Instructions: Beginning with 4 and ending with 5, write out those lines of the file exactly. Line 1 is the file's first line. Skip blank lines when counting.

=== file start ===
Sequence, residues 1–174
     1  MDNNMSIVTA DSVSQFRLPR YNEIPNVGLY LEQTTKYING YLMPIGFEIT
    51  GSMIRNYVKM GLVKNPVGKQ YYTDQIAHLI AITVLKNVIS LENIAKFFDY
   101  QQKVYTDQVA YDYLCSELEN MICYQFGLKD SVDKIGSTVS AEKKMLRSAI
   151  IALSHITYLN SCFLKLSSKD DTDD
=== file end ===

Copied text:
   101  QQKVYTDQVA YDYLCSELEN MICYQFGLKD SVDKIGSTVS AEKKMLRSAI
   151  IALSHITYLN SCFLKLSSKD DTDD